Meizu, UK

It looks unintentional. Therefore the teacher shouldn’t be punished. However, as a teacher she should be more careful and be thoroughly aware about other faiths in a multi-ethnic, multi-religious global environment. What would the teacher’s reaction be if one of the students suggested the name Jesus?
Ismail, UAE

From BBCArabic.com: Muhammad is a very common name for Muslims. If we are to punish this teacher for calling a teddy bear Mohammad, then we should punish criminals for being called Mohammad. The truth is that these failed regimes want to keep people busy with these trivial matters. Sudan has enough problems already. How would Sudan feel if European countries deported Sudanese citizens as a response to this action?
Samer Hassan

Speaking as a father I do not feel this was a well thought out plan by the teacher. However, I feel that she has done nothing wrong. The children themselves should be punished for having chosen the name of our great Prophet for a lowly bear. The teacher was misguided, whereas the children were malicious. They must be brought to answer for their blasphemy.
Abdullah Al-Zawawi, Sudan

This is absolutely insane. I could understand if it was meant as a malicious attack, but it is obvious that this is far from that. It was a simple mistake made by a foreigner in that country. There are many social and cultural mistake that foreigners make in the UK. I hope that they realise soon and release this woman.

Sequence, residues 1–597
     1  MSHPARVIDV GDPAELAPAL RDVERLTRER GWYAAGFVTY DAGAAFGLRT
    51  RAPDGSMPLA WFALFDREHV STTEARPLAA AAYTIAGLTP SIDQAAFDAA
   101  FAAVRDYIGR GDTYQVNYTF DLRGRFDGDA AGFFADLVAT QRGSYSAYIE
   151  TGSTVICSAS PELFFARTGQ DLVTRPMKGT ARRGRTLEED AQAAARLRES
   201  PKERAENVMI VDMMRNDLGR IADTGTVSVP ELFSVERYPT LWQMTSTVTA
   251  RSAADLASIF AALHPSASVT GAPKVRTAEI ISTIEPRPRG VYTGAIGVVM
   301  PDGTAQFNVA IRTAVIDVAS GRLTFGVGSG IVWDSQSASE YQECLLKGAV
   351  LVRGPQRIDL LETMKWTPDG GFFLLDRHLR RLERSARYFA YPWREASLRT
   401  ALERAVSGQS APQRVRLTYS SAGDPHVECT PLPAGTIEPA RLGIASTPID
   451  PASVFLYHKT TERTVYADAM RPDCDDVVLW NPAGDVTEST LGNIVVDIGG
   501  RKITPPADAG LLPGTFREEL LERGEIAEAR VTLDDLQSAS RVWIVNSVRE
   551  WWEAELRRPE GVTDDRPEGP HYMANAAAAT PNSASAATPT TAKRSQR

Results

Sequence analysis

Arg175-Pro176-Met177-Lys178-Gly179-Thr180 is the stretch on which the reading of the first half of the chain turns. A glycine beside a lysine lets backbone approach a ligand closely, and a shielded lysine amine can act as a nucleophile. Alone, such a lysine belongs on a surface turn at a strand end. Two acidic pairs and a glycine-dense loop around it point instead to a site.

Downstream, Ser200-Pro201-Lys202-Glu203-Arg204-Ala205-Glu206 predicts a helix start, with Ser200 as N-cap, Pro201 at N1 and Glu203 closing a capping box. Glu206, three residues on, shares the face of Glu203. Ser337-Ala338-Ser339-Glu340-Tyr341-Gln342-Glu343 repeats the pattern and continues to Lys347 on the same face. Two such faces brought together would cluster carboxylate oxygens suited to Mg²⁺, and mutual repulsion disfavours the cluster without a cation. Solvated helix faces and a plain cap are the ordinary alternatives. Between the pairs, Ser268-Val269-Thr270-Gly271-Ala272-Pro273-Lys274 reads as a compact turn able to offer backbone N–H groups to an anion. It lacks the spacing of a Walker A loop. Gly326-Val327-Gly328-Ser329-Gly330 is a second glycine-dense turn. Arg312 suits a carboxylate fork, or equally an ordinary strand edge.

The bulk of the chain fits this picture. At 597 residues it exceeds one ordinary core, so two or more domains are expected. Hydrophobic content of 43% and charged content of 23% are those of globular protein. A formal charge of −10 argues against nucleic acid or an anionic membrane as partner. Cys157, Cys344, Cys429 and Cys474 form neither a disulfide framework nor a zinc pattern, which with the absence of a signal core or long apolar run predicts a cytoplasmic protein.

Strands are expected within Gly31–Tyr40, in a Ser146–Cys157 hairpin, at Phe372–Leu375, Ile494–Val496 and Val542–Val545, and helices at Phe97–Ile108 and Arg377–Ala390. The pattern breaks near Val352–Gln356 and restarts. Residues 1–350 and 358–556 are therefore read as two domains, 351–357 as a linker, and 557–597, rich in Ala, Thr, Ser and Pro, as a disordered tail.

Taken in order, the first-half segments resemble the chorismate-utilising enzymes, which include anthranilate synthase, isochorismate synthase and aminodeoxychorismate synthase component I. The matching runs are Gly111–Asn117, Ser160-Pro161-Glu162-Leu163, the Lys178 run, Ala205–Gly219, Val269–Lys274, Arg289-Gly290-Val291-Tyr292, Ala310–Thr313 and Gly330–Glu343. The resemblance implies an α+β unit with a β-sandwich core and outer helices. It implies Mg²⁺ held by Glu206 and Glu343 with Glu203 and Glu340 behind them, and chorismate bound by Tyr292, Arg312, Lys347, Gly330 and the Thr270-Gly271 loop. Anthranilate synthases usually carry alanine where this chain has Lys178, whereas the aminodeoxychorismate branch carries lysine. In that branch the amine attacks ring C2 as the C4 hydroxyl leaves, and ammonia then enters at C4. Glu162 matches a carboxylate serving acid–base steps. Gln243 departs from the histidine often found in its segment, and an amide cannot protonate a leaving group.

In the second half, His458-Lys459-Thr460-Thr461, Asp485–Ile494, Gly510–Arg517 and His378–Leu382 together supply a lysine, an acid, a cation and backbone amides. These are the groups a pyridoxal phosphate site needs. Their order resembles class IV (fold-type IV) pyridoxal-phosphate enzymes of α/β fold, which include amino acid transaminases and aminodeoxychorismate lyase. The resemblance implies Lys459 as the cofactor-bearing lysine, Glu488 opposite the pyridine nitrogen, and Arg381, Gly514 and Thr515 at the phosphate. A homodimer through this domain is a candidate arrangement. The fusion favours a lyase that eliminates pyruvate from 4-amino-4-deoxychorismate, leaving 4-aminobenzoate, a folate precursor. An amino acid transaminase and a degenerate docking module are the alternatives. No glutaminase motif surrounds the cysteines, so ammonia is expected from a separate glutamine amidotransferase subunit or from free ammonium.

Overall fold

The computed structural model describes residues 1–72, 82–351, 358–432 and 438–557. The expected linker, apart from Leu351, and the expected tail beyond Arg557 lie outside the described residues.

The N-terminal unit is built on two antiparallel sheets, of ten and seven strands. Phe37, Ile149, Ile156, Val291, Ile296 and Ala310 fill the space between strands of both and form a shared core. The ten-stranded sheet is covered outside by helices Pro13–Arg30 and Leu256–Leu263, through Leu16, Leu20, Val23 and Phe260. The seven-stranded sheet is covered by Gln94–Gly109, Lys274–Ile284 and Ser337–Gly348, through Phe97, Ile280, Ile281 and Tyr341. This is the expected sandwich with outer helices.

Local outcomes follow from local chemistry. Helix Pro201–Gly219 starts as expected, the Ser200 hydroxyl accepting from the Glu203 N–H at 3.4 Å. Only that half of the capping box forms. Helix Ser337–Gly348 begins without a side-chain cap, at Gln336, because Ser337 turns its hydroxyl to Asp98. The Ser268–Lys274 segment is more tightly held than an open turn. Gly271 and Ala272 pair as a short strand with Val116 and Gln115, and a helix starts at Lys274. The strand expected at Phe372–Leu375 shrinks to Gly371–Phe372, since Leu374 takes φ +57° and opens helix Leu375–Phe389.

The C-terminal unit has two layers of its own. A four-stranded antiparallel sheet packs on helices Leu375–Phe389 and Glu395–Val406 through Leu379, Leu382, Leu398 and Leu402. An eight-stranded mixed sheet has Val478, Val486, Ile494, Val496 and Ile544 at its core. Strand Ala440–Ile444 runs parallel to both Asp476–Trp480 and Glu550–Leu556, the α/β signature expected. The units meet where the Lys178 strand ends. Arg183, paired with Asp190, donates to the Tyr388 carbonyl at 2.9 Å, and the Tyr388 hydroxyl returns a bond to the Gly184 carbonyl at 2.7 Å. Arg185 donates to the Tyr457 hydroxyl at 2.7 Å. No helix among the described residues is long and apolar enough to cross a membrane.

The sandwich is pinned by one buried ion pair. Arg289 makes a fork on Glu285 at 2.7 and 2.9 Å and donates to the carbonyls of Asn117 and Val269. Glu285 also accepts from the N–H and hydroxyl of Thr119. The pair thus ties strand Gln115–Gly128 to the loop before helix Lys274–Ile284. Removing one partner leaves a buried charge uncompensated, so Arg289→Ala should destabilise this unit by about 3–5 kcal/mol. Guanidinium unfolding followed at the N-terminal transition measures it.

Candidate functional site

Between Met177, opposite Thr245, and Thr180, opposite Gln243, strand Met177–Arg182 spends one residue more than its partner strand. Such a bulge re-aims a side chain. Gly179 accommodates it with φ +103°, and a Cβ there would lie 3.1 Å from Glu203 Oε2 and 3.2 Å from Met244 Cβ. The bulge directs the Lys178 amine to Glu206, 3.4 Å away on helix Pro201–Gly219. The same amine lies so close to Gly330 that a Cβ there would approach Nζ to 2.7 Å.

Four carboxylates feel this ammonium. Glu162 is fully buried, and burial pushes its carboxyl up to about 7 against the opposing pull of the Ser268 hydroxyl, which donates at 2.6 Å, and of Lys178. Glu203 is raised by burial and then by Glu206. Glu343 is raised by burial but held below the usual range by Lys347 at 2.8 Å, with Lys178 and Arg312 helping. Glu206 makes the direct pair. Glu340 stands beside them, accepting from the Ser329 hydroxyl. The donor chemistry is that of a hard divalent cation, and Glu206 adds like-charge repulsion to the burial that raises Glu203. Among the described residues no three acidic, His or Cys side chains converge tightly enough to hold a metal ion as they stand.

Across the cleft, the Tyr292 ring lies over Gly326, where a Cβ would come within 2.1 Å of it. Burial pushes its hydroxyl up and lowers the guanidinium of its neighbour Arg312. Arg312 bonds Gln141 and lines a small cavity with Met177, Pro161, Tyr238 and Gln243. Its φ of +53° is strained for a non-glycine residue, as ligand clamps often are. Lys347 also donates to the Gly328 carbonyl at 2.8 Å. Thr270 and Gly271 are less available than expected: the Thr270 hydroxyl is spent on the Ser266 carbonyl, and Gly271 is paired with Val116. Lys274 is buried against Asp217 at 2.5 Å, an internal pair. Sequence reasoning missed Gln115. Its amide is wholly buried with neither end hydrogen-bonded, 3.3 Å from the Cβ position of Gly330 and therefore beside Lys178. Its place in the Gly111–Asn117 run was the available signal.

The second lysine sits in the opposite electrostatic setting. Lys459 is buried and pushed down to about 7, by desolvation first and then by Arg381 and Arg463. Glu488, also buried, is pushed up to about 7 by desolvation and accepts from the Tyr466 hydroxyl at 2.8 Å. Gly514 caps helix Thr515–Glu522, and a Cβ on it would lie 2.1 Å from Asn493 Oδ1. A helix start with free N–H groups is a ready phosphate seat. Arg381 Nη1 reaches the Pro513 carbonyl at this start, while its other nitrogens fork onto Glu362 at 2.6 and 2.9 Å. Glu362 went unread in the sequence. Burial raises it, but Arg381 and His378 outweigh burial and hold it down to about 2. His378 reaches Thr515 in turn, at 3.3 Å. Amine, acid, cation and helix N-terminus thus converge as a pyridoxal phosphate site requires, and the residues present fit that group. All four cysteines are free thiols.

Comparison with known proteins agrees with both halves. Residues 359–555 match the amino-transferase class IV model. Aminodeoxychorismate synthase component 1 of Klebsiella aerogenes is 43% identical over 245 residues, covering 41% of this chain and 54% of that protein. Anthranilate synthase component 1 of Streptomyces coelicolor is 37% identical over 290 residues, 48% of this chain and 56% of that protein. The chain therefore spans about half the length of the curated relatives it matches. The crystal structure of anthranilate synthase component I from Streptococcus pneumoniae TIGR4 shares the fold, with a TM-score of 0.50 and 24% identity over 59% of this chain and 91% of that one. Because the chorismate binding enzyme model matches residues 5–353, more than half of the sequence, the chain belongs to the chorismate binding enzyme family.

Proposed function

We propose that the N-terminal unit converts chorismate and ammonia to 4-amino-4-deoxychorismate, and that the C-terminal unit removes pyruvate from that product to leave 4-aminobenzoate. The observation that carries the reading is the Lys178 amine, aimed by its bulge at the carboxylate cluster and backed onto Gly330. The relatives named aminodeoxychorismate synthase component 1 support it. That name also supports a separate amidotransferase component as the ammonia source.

Alex, Northern Ireland

From BBCArabic.com: It was an unintentional mistake on her part to call the toy Mohammad.
Riad, Syria

The children voted as well. They should lock them up too, as a lesson to anybody who insults Prophet Muhammad.
K K Djibouto, Sudan

As a committed Muslim who would always hope to uphold the dignity of Prophet Muhammad, I am outraged by the ignorance of the Sudanese authorities. The name Muhammad is given to others and is not exclusive to the Prophet, therefore why should they think the teacher intended the toy to be an effigy? While it is not befitting to give an animal this beautiful name, any half-witted person can see that this was done with good intention. The idea of hardline rules and punishments for such trivial issues is in no way a reflection of the true Islamic teaching and I expected better from Sudan. I believe it makes a mockery of the traditionally upright and just Islamic law system. I hope the school teacher will be freed at once and apologised to.
Siddiq Bland, Leicester, UK

From BBCArabic.com: This incident shows how some people insist on insulting Prophet Mohammed in spite of the fact that they know that Muslims respect and venerate him. This teacher lives in a Muslim country and surely she knows how Muslims feel about the Prophet.
Yohanna Yousuf, Mosul, Iraq

This is unbelievable. I’m fed up of reading and hearing stupid incidents like these, which further enhance the incorrect portrayal of Islam. The teacher has quite clearly made an innocent mistake. Islam is about tolerance and forgiveness. The possible repercussions of this incident contradict this entirely. It provides more fuel for the anti-Muslim sentiment around the world.
British Muslim, London, England